The Suburbs You SHOULD NOT Invest In: Real Estate Expert Reveals Danger Zones Buyers Should Avoid Due to Oversupply of New Apartments – And Why Remote Areas Are A Bad Idea
- Investors are being told to stay away from areas of oversupply of apartments
- Parramatta, Mascot, Rouse Hill and Gosford, classified as ‘danger zones’
- Buyers warned that oversupply affects property values and rental income
Investors are being warned not to buy apartments in four areas of NSW due to an oversupply of new developments.
Parramatta, Mascot and Rouse Hill, in Sydney, are projected to increase the number of apartments by 13 percent over the next two years
The suburbs are already oversupply, according to real estate experts, realestate.com.au reported.
Gosford, on NSW’s central coast, is expected to have 1,900 additional apartments built, representing a 73 percent increase from the current number of units.
The oversupply can potentially cause “dangerous” price reductions for people who want to buy a unit of the plan.
Experts have revealed that an oversupply of apartments, such as in Mascot (pictured), Parramatta and Rouse Hill, would impact investor confidence as it creates ‘dangerous’ price reductions in property value
RiskWise CEO Doron Peleg said the impact of the COVID-19 pandemic, which has led to a drop in rents and buyer demand, was also a key factor.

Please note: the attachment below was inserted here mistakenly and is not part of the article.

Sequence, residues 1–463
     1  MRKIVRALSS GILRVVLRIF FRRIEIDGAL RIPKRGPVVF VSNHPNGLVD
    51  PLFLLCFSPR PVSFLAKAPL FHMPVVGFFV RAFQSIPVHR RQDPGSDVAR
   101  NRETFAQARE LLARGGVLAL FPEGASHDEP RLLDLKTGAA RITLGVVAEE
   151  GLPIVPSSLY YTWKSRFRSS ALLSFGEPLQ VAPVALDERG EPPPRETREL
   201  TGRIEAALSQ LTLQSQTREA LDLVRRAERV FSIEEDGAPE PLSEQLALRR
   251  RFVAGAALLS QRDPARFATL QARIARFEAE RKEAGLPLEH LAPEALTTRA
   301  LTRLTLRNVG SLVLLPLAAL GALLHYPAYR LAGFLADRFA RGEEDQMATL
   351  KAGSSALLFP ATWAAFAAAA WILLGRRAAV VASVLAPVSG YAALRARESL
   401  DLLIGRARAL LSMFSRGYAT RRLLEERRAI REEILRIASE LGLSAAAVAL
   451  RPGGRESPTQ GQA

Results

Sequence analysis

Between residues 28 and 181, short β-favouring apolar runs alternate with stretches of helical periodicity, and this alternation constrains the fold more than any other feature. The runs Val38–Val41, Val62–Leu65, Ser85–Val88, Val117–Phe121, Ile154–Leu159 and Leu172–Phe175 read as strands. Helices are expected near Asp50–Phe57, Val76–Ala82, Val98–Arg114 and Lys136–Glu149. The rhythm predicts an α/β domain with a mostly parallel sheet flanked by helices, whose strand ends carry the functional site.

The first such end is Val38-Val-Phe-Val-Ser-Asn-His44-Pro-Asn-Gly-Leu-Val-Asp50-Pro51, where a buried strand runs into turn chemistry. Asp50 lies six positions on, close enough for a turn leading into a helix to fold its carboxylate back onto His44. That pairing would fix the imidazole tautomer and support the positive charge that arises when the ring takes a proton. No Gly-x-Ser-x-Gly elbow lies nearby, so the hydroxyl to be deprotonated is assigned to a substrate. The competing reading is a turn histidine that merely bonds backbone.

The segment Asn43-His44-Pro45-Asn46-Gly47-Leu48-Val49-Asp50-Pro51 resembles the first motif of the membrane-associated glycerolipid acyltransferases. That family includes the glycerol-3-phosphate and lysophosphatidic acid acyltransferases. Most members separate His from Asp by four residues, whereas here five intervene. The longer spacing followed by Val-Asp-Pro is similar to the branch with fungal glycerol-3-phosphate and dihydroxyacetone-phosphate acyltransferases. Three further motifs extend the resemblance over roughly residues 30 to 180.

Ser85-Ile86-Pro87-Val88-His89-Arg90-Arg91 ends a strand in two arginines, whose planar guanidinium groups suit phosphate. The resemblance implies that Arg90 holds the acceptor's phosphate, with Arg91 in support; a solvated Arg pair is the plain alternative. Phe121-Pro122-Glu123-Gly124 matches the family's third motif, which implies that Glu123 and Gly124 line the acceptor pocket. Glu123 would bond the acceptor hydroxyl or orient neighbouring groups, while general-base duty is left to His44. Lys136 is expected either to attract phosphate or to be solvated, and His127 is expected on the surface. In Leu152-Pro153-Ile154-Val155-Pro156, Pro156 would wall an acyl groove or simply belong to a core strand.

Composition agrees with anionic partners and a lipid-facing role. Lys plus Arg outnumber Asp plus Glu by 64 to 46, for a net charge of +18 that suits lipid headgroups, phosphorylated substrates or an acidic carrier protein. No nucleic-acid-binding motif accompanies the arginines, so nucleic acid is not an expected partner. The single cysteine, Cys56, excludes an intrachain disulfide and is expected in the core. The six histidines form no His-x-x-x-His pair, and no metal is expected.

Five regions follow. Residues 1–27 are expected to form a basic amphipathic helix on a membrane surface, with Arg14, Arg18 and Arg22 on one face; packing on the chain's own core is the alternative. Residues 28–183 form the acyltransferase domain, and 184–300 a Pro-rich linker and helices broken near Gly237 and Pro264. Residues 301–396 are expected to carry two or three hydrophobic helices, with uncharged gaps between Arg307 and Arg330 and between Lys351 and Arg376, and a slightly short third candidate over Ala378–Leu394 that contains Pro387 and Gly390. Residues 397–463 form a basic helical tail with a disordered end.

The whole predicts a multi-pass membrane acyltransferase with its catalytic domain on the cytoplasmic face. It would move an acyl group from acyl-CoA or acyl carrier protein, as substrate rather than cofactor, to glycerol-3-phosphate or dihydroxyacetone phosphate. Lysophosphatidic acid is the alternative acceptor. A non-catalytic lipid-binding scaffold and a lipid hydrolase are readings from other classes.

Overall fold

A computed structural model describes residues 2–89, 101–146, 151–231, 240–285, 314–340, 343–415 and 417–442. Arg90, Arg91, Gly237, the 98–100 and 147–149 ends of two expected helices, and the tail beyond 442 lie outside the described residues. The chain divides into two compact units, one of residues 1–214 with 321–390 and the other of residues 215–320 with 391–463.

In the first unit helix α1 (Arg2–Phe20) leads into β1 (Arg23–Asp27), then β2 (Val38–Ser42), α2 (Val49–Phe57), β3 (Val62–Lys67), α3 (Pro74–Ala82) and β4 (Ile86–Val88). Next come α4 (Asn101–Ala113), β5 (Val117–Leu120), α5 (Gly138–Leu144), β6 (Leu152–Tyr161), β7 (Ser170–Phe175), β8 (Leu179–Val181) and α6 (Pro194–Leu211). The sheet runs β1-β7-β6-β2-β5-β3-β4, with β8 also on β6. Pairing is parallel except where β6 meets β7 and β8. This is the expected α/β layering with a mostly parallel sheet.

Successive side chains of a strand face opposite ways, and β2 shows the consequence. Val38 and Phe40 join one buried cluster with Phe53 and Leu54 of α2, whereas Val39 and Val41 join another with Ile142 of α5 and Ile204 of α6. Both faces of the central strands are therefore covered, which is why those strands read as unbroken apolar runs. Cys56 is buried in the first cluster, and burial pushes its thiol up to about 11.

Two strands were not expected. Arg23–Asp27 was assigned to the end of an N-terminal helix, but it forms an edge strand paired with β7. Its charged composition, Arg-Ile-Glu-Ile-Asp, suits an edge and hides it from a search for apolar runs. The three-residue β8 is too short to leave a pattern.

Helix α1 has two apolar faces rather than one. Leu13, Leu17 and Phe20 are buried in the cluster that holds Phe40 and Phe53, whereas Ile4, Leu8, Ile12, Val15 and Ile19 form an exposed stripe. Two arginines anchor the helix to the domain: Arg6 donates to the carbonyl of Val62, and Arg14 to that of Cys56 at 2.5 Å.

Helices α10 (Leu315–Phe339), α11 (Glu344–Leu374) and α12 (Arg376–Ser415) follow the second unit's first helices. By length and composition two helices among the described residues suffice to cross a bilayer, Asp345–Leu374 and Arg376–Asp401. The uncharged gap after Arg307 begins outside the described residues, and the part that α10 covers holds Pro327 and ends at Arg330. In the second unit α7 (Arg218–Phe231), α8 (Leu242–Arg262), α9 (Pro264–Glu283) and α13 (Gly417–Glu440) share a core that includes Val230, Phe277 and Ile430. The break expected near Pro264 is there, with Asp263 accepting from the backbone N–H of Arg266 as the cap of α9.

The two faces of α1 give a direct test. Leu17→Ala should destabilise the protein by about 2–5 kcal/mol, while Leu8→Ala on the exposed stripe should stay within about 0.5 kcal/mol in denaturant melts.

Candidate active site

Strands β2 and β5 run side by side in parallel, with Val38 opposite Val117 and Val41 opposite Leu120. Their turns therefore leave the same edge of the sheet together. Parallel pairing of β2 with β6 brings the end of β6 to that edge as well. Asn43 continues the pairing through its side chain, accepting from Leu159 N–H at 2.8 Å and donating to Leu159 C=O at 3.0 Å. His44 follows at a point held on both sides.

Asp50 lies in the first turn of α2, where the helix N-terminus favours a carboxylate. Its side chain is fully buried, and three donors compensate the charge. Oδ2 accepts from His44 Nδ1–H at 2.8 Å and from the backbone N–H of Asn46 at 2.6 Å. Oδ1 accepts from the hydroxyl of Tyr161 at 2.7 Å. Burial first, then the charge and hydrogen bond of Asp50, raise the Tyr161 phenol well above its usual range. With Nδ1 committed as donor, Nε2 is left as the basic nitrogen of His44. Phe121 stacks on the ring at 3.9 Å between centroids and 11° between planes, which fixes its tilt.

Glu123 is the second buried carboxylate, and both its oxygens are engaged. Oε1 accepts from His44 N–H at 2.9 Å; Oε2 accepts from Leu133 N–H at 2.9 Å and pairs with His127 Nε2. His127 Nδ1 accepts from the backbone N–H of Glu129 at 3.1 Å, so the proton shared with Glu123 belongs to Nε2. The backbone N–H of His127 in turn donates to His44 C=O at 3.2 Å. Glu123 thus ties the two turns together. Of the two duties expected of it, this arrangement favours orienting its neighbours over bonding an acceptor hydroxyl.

Mr Peleg said falling rental income coupled with an increase in tenant vacancy rates are reducing the incentive for investors.
He said the industry took a hit with recent high-profile cases where defects were found in some new apartment buildings.
He said that as a result, many investors are resorting to house and land packages due to the ‘high land-to-asset ratio’.
Mr. Peleg said equity and cash flow risks for apartments are both expected to “ increase significantly, ” which would create enormous risk for buyers.
Pete Wargent, co-founder of Buyers Buyers, said the risks in over-supplied suburbs were exacerbated by border closures as a result of the COVID-19 pandemic.
He said that as a result of the lockdown, there were fewer tourists and international students to live in apartment buildings.
RiskWise CEO Doron Peleg said a drop in rents and buyer demand due to the COVID-19 pandemic was also a key factor in avoiding apartments in oversupply suburbs (Rouse Hill photo)
Mr. Wargent encouraged buyers to look for investments that offered “scarcity value.”
“In the medium to long term, it is the land value component of the asset that does the heavy lifting for you and therefore buyers should look for a high land to asset ratio,” he said.
Meanwhile, propertybuyer.com.au CEO Rich Harvey told the publication that there was ‘no point’ in buying an apartment in ‘suburbs’.
“While it may be nice to have a shiny new kitchen and bathroom, there is a significant downside price risk as there is plenty of land for further development,” he said.
“In a market where prices are falling, there is settlement risk to the buyer if he finds that the value paid for the unit has fallen significantly.”
Many investors turned away from apartments, especially in oversupply areas, and instead started investing in house and land packages due to the ‘high land-to-asset ratio’ (Parramatta pictured)